Thus it was that the industrious men with pedantic minds who day by day read the dispatches that accumulated in the office of the Board of Trade became aware, during the years from 1758 to 1761, that the old policy of defense was not altogether adequate. “The granting of lands hitherto unsettled,” so the Board reported in 1761, “appears to be a measure of the most dangerous tendency.” In December of the same year all governors were accordingly forbidden “to pass grants…or encourage settlements upon any lands within the said colonies which may interfere with the Indians bordering upon them.”
The policy thus initiated found final expression in the famous Proclamation of 1763, in the early months of Grenville’s ministry. By the terms of the Proclamation no further grants were to be made within lands “which, not having been ceded to, or purchased by us, are reserved to the said Indians”–that is to say, “all the lands lying to the westward of the sources of the rivers which fall into the sea from the west or the northwest.” All persons who had “either willfully or inadvertently seated themselves” on the reserved lands were required “forthwith to remove themselves”; and for the future no man was to presume to trade with the Indians without first giving bond to observe such regulations as “we shall at any time think fit to…direct for the benefit of the said trade.” All these provisions were designed “to the end that the Indians may be convinced of our justice and determined resolution to remove all reasonable cause of discontent.” By royal act the territory west of the Alleghanies to the Mississippi, from Florida to 50 degrees north latitude, was thus closed to settlement “for the present” and “reserved to the Indians.”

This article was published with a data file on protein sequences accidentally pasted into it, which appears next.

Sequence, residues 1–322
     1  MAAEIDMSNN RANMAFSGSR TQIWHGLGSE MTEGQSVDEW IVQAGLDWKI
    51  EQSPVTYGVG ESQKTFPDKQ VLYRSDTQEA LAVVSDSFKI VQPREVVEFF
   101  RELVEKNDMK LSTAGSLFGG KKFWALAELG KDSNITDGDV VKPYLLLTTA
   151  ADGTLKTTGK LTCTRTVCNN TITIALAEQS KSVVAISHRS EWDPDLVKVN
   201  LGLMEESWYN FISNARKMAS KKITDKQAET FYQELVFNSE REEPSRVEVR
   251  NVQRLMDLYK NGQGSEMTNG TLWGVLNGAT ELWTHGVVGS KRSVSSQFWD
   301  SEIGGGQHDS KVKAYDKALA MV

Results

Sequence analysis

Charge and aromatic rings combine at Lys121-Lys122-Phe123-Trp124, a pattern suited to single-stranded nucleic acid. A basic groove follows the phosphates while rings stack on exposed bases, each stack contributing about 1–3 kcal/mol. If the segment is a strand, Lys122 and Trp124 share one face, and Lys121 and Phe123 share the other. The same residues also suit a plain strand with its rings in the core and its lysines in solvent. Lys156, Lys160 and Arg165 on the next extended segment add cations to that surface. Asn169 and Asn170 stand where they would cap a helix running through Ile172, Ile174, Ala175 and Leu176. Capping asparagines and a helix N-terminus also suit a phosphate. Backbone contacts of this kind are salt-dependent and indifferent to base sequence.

Having thus taken measures to protect the Indians against the colonists, the mother country was quite ready to protect the colonists against the Indians. Rash Americans were apt to say the danger was over now that the French were “expelled from Canada.” This statement was childish enough in view of the late Pontiac uprising which was with such great difficulty suppressed–if indeed one could say that it was suppressed–by a general as efficient even as Amherst, with seasoned British troops at his command. The red man, even if he submitted outwardly, harbored in his vengeful heart the rankling memory of many griefs, real or imaginary; and he was still easily swayed by his ancient but now humiliated French friends, who had been “expelled from Canada” only indeed in a political sense but were still very much there as promoters of trouble. What folly, therefore, to talk of withdrawing the troops from America! No sane man but could see that, under the circumstances, such a move was quite out of the question.
It would materially change the circumstances, undoubtedly, if Americans could ever be induced to undertake, in any systematic and adequate manner, to provide for their own defense in their own way. In that case the mother country would be only too glad to withdraw her troops, of which indeed she had none too many. But it was well known what the colonists could be relied upon to do, or rather what they could be relied upon not to do, in the way of cooperative effort. Ministers had not forgotten that on the eve of the last war, at the very climax of the danger, the colonial assemblies had rejected a Plan of Union prepared by Benjamin Franklin, the one man, if any man there was, to bring the colonies together. They had rejected the plan as involving too great concentration of authority, and they were unwilling to barter the veriest jot or tittle of their much prized provincial liberty for any amount of protection. And if they rejected this plan–a very mild and harmless plan, ministers were bound to think–it was not likely they could be induced, in time of peace, to adopt any plan that might be thought adequate in England. Such a plan, for example, was that prepared by the Board of Trade, by which commissioners appointed by the governors were empowered to determine the military establishment and to apportion the expense of maintaining it among the several colonies on the basis of wealth and population. Assemblies which for years past had systematically deprived governors of all discretionary power to expend money raised by the assemblies themselves would surely never surrender to governors the power of determining how much assemblies should raise for governors to expend.